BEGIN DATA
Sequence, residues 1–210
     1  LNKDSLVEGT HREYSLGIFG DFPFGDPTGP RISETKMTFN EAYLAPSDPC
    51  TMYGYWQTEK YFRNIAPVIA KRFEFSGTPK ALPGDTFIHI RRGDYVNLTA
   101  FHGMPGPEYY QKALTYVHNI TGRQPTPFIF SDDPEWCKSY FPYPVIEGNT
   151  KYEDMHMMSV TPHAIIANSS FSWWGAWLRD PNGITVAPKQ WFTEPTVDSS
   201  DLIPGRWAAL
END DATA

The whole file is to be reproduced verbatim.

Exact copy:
Sequence, residues 1–210
     1  LNKDSLVEGT HREYSLGIFG DFPFGDPTGP RISETKMTFN EAYLAPSDPC
    51  TMYGYWQTEK YFRNIAPVIA KRFEFSGTPK ALPGDTFIHI RRGDYVNLTA
   101  FHGMPGPEYY QKALTYVHNI TGRQPTPFIF SDDPEWCKSY FPYPVIEGNT
   151  KYEDMHMMSV TPHAIIANSS FSWWGAWLRD PNGITVAPKQ WFTEPTVDSS
   201  DLIPGRWAAL